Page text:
Of course, like all ideologies and religions, there are various degrees in which people embrace this belief system of liberalism. First, there is the advanced liberals which are the furthest left and often embrace socialism or communism and are often hostile towards religion and traditional culture. They represent the liberalism of the French revolution. Whose mantra was “No king, no God”. In other words no authority. The other most common form or degree of liberalism is the classic view which is less hostile towards religion and may embraces capitalism to varying degrees. I think it would be fair to say that liberalism is the secular religion of western culture. A religion that has influenced all of us to some degree. However, like all false religions, its problems begin to surface at the extremes. Two of these extremes are radical individualism and radical egalitarianism. Both of which will lead to the total collapse of all authority except for an authority forced on the populace by the state.
What about the failures of Christianity? The failures of Christianity were and are that it was not truly practiced. The failure of liberalism is and was that it is practiced too much. The madness going on in our culture is the result of the fruit of advanced liberalism and the chaos will only worsen until the state comes in and takes control. Liberalism dogma of unlimited human freedom and its propensity to want to fix the world at any cost will always lead to an authoritative and ill-liberal State.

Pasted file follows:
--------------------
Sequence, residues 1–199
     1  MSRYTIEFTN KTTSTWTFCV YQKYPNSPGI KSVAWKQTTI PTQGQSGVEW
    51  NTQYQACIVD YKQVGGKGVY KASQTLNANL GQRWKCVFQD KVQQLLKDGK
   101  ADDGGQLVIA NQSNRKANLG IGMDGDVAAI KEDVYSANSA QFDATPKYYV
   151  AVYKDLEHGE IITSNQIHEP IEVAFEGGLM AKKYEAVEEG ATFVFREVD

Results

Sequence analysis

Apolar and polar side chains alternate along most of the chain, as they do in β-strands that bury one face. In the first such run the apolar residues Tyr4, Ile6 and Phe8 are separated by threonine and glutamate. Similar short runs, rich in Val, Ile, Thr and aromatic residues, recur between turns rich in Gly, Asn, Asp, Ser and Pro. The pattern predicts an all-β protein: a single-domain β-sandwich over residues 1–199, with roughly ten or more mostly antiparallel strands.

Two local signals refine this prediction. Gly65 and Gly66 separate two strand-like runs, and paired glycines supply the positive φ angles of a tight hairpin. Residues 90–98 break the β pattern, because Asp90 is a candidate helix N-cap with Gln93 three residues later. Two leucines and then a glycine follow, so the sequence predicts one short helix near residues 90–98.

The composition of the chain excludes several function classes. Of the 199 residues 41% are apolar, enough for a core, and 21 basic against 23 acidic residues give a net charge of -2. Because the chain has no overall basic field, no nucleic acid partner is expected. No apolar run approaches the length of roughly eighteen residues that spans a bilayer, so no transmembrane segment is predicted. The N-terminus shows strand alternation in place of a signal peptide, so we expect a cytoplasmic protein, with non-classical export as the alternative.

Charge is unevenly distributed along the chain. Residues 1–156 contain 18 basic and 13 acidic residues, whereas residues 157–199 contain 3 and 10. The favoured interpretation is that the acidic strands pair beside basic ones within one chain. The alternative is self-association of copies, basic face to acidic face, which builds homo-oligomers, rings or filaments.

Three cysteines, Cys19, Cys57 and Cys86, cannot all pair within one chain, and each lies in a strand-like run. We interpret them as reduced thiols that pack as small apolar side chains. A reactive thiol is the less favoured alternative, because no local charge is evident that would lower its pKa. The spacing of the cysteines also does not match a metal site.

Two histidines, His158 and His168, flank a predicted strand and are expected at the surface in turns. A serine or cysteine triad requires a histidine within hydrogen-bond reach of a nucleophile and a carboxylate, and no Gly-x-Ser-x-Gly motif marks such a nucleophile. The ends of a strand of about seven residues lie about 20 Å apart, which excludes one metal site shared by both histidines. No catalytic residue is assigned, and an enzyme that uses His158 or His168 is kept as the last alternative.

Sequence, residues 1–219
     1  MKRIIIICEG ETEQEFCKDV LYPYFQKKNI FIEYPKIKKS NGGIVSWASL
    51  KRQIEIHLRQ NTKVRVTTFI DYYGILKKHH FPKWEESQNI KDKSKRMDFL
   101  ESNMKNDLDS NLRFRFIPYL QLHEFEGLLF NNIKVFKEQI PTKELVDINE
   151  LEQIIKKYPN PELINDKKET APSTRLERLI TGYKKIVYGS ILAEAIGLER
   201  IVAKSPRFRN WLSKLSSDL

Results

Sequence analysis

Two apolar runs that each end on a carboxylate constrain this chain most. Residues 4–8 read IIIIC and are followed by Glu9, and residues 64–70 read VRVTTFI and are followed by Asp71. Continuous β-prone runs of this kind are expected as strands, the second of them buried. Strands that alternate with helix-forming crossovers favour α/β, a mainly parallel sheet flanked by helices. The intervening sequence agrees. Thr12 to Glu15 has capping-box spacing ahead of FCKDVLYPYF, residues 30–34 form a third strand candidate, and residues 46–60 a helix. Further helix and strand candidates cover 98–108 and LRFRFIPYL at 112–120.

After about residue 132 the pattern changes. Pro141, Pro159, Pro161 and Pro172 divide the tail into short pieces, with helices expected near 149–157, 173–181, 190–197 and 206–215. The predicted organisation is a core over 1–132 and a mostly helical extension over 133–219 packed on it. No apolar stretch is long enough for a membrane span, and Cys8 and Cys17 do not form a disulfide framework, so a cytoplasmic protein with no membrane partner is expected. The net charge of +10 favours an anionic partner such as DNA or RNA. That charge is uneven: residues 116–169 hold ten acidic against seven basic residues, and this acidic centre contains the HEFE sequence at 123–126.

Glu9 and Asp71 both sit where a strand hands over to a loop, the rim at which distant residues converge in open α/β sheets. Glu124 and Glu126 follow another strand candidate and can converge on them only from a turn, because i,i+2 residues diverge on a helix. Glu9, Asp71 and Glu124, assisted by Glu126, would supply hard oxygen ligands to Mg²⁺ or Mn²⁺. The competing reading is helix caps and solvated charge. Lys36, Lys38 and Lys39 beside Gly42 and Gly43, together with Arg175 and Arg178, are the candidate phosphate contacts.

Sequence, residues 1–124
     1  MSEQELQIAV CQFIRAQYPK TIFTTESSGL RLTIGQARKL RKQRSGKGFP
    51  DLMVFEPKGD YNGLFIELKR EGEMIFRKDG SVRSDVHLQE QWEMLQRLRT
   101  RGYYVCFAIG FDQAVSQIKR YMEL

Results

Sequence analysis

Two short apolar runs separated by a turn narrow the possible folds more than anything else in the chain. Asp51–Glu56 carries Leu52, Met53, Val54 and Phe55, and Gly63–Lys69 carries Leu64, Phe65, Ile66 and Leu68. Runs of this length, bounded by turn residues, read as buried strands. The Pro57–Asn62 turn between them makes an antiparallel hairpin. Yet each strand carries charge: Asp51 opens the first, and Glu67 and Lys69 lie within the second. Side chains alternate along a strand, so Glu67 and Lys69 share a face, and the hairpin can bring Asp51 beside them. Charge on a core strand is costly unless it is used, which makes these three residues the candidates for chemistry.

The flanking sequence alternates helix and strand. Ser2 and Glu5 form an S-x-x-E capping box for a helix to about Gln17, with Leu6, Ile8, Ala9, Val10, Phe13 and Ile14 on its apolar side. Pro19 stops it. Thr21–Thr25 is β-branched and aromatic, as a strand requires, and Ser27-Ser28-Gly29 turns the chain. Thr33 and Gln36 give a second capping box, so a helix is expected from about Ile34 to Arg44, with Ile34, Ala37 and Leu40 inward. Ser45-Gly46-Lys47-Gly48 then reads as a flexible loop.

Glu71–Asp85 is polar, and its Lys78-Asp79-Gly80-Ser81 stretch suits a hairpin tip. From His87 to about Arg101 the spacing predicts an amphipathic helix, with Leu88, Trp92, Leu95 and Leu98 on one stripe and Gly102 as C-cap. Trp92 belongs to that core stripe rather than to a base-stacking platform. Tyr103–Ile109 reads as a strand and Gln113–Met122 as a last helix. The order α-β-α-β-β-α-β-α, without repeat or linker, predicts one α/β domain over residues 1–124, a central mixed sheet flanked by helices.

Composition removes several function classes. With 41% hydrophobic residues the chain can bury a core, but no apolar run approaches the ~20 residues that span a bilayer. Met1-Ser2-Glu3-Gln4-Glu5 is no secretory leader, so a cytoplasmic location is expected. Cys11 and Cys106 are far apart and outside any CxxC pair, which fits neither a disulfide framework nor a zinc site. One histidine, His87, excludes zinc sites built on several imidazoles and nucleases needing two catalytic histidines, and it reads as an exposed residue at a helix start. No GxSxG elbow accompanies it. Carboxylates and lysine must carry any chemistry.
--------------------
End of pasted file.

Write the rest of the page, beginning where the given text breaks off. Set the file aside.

Three other myths that have been created by liberalism is its faith in the goodness of humanity and its unfounded belief in continuous progress and the ultimate perfecting of the world in some future utopia, a belief it has inherited from a misunderstanding of Christian eschatology. The Christia message nowhere teaches that the world can or should be fixed by humanity. The best we can do is attempt to fix ourselves. And even that is near impossible. We need the help of God. If we have not learned that, it’s probably because we have not attempted to fix much of yourself.
I’m old and I have seen a lot of world fixers in my lifetime. Most of them have screwed up the world more than fixing it. It seems that all the world fixers that have ever existed all imagine themselves to be more intelligent and reasonable than everybody else. If true, you would think the world would be paradise. Unfortunately, there are large numbers of Christians that believe that the purpose of Jesus coming into the world was somehow to fix and perfect the world. when this happens Jesus is usually reduced to nothing more than a moral teacher.
However, the world does have a system baked into it that is self-correcting to some degree. It is called death. Moreover, sometimes God intervenes and fixes things. Sometimes, He uses men to fixes a few things. Sometimes; he leaves things broken to remind us to look up.
 The greatest problem with liberalism is it’s a failure to deal with the rights of the individual and the rights of sociality to protect itself against the individual. Mills’s book on liberty fails to resolve the question and actually adds to the problem. Like all atheistic systems, Mills’s had a hard time answering the question “By who’s authority”. Ultimately, he has nothing but the state and the deification of human reason.
I have run across a number of people that feel that the division in Christianity weakens its argument for the existence of its God. However, the opposite might be true. To begin with, division over many subjects should be expected, considering that we are talking about an infinite God that is beyond human understanding. In view of this, the difference of opinion in many areas would be normal and should even be expected.